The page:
If the character has wings because they are a different species, people may actually point the out (“what does the winged-one have to say?”). Also, practically, it may affect what they have to do (“she stooped to keep from knocking her wings into the door frame”). Last of all, it may affect her personality. She may be self-conscious about them or proud of them, or even annoyed with them, which would affect her behavior accordingly.

  4. Hi Gail,
    I’ve been a fan of your books since I was around nine years old. I’m twenty-two now and I’m still a fan. 🙂 I was wondering, if I sent you a letter with a blank bookplate and a self-addressed stamped envelope, would you be willing to sign it for me? You are one of the authors I would most love to have a signed book from, and I know I’m not going to make it to New York anytime soon (I’m on the West Coast). I know this is a long shot, but I figured it was worth asking. Thanks for your time and for your wonderful writing blog, I’ve been reading it for years and it’s helped me a lot on my own writing journey.


  5. How do you combine your writing voice with someone else’s? My grandmother left around fifteen notebooks of information for a novel, and I really want to finish it, but I’m worried about keeping it true to her while, at the same time, keeping it true to my own writing. Essentially, what I’m wondering is how do you finish something someone else started?

  6. The story I’m working on has a very international cast of characters. Do any of you have ideas for finding non-English names for your characters?

  7. Writeforfun says:

    Any advice on shortening a book? I’ve been working on revising the one I recently finished, a probably upper middle grade novel. I had written it in three separate documents, but I just added them all together for the first time and realized that it’s over 100,000 words long…and there’s still a vast middle portion I haven’t added yet (what I wrote originally didn’t fit right anymore with the characters, so I’ve deleted it and need to re-write that part).

    I’m sure that number will go down as I continue to work on removing unnecessary words (though I’ve been pleased so far to realize how few adverbs I used this time around! I think I’m learning!), but still, I’m worried that the book itself may just been too much. At its core, it’s a pretty simple story: three boys meet, eventually become friends, and solve a mystery. But it’s really an origin story, setting up their world, establishing their backstories and taking the journey to get these three oddballs to the point of becoming acquaintances in order to solve the mystery, and finally becoming true friends over the course of their actual adventure in solving said mystery.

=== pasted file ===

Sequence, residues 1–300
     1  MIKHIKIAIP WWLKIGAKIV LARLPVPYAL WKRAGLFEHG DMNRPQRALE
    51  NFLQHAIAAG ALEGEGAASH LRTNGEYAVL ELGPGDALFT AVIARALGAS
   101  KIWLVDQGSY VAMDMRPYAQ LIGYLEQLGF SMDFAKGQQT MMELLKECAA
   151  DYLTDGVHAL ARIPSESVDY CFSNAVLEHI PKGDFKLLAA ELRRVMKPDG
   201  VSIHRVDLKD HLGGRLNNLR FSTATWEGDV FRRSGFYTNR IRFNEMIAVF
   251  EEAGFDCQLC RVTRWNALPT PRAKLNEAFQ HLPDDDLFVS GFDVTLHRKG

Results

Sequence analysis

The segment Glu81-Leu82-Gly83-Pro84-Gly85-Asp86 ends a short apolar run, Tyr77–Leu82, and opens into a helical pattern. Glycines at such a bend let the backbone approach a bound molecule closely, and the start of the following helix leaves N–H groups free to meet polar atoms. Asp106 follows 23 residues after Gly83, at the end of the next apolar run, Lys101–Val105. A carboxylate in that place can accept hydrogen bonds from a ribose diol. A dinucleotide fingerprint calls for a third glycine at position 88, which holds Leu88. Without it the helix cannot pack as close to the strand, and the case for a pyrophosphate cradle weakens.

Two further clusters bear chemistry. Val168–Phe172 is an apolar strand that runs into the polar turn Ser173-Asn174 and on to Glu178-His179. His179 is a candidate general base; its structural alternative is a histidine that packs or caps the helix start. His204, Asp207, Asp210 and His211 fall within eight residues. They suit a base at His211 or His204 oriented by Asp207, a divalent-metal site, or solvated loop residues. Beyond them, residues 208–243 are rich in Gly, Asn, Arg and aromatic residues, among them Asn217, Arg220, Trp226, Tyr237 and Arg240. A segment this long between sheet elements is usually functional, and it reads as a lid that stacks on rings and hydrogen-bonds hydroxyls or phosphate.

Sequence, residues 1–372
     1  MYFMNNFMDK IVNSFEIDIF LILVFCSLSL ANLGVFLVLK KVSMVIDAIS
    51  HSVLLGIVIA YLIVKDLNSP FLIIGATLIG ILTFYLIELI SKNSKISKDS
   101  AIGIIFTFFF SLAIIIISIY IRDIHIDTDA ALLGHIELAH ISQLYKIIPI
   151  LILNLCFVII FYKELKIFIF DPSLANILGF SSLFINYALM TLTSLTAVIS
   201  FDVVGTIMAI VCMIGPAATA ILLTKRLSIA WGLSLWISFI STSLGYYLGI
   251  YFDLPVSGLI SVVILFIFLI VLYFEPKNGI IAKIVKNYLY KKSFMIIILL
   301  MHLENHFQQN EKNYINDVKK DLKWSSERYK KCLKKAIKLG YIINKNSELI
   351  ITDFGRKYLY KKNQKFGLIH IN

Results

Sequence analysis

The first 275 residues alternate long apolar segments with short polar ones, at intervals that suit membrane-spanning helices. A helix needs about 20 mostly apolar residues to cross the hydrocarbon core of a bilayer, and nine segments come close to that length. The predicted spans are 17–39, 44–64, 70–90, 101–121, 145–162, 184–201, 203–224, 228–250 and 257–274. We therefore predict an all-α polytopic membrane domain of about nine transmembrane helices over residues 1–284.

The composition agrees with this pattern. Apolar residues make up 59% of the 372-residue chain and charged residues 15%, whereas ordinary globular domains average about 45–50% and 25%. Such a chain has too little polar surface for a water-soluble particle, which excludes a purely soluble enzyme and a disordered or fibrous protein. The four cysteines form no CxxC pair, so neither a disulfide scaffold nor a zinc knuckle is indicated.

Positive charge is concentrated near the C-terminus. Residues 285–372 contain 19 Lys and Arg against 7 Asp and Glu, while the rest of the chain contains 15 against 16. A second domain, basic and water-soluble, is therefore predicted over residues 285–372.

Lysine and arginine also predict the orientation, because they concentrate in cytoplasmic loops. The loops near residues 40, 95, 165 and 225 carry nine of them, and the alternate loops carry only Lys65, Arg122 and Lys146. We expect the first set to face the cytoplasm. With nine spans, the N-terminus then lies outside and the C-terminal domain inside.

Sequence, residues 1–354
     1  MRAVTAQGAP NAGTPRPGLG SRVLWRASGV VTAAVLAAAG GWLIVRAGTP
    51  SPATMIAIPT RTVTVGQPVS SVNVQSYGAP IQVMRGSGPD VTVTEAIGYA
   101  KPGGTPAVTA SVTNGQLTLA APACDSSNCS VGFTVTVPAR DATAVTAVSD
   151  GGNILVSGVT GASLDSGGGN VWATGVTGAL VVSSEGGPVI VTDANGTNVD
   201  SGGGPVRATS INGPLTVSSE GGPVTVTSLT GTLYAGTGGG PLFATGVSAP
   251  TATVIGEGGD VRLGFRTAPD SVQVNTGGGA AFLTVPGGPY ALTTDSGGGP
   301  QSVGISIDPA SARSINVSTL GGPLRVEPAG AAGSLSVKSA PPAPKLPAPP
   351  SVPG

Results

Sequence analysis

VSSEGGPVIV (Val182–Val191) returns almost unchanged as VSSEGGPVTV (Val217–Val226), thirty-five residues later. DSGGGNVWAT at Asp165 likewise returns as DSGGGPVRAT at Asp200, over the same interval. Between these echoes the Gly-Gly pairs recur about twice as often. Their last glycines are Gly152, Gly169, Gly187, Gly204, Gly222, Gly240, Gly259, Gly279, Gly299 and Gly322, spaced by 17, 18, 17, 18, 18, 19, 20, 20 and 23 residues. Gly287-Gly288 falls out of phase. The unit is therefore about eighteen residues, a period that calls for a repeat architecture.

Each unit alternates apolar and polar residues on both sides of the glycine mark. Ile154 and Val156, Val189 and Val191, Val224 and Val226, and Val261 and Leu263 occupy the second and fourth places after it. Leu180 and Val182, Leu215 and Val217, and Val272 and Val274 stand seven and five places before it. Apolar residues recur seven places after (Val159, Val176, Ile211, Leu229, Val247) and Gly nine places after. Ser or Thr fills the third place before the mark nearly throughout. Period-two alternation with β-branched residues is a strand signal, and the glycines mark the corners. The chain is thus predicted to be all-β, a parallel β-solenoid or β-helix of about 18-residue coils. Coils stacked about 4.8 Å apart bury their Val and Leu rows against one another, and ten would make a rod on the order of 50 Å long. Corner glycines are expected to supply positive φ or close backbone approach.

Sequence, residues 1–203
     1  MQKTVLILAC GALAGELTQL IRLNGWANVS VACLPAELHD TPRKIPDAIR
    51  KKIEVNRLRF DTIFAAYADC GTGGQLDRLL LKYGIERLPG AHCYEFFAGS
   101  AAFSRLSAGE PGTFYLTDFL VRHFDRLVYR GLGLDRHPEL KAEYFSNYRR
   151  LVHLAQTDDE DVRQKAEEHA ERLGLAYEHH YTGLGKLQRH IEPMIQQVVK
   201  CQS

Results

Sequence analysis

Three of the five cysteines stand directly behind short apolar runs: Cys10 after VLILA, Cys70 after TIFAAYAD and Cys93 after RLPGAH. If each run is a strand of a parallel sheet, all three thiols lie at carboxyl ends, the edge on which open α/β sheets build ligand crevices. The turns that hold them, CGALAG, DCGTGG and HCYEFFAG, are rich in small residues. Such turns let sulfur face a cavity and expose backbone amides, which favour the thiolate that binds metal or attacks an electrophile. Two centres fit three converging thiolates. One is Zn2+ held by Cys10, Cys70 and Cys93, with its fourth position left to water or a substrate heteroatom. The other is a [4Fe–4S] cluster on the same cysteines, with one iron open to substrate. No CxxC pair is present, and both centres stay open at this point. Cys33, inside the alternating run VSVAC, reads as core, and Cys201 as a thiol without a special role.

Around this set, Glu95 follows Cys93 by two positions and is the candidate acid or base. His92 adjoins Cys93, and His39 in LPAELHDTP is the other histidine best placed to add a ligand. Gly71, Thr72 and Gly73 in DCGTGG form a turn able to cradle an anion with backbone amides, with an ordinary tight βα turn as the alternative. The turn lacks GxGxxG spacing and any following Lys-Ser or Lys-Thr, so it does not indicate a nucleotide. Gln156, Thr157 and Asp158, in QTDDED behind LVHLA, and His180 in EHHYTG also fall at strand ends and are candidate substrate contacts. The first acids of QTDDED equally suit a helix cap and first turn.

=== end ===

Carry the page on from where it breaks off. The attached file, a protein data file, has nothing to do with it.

Altogether, it’s making for a giant book. Should I simplify the story? Maybe have them become friends more easily/quickly so I can skip some of the character development pages? I can’t think of any way to get rid of the world building, or the backstories I had to establish at the beginning because they’re so essential to the characters – but maybe I should try? Or should I be trying to simplify in any other areas?

    • Have you considered splitting it into multiple books? I’ve recently done that with one story. The story was around 90k words, which was fine, but I fit too many characters and too many plotlines into it that weren’t getting the space they needed. So I split it into thirds and am making it a trilogy. That gives me the space to develope elements and characters that were glossed over in the first draft. It has been tricky finding a good climax for books 1 and 2, and making sure that the main character’s arcs work in all three books, not just overall, but I think the story is better for it.

    • I’m pretty good at shortening things, but I don’t have a clear formula for how I do it. (my first sales were to a market with a 600-word limit, so I had to learn how to trim rough drafts of ~1,000 words.) Let me think… Cut scenes that aren’t pulling their weight, reword paragraphs, find shorter but more powerful phrases to use….

      If you think it would be helpful, you can send me a page or 2, I’ll take my razor to it and send it back, and you can see if it gives you any ideas.

    • As a fast reader, I personally relish long books. I don’t think that there’s anything particularly bad about having a giant manuscript. If you feel like it’s too long but can’t think of anything to cut, show it to beta readers. Ask them what they could do without. If you love something and can’t think of cutting it, just tell yourself it’ll be a bonus scene for when you’re a famous author and can put extras in the back of your books. ; )

  8. RedTrumpetWriter says:

    I was wondering how you came up with the epic poetry you wrote in the Bamarre stories, Gail and some of the songs/poetry you’ve included in other stories like Stolen Magic. I would like to include something like that in a book I’m working on but I guess I wasn’t really sure where to start, like what examples I should look at or if there was any sort of formula that you followed. I’ve done a bit of looking but I was wondering if you had any tips/advice that would help me as I found what you did really immersive and such a cool part of the worldbuilding. (if anyone else has ideas they are welcome to chime in as well!) Thanks.